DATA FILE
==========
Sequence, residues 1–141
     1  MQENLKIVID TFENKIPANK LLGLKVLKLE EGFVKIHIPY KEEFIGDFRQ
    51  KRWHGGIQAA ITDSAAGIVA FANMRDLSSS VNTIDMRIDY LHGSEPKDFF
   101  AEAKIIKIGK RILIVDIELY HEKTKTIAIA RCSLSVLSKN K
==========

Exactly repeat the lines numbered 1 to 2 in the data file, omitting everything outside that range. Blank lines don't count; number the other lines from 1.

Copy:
Sequence, residues 1–141
     1  MQENLKIVID TFENKIPANK LLGLKVLKLE EGFVKIHIPY KEEFIGDFRQ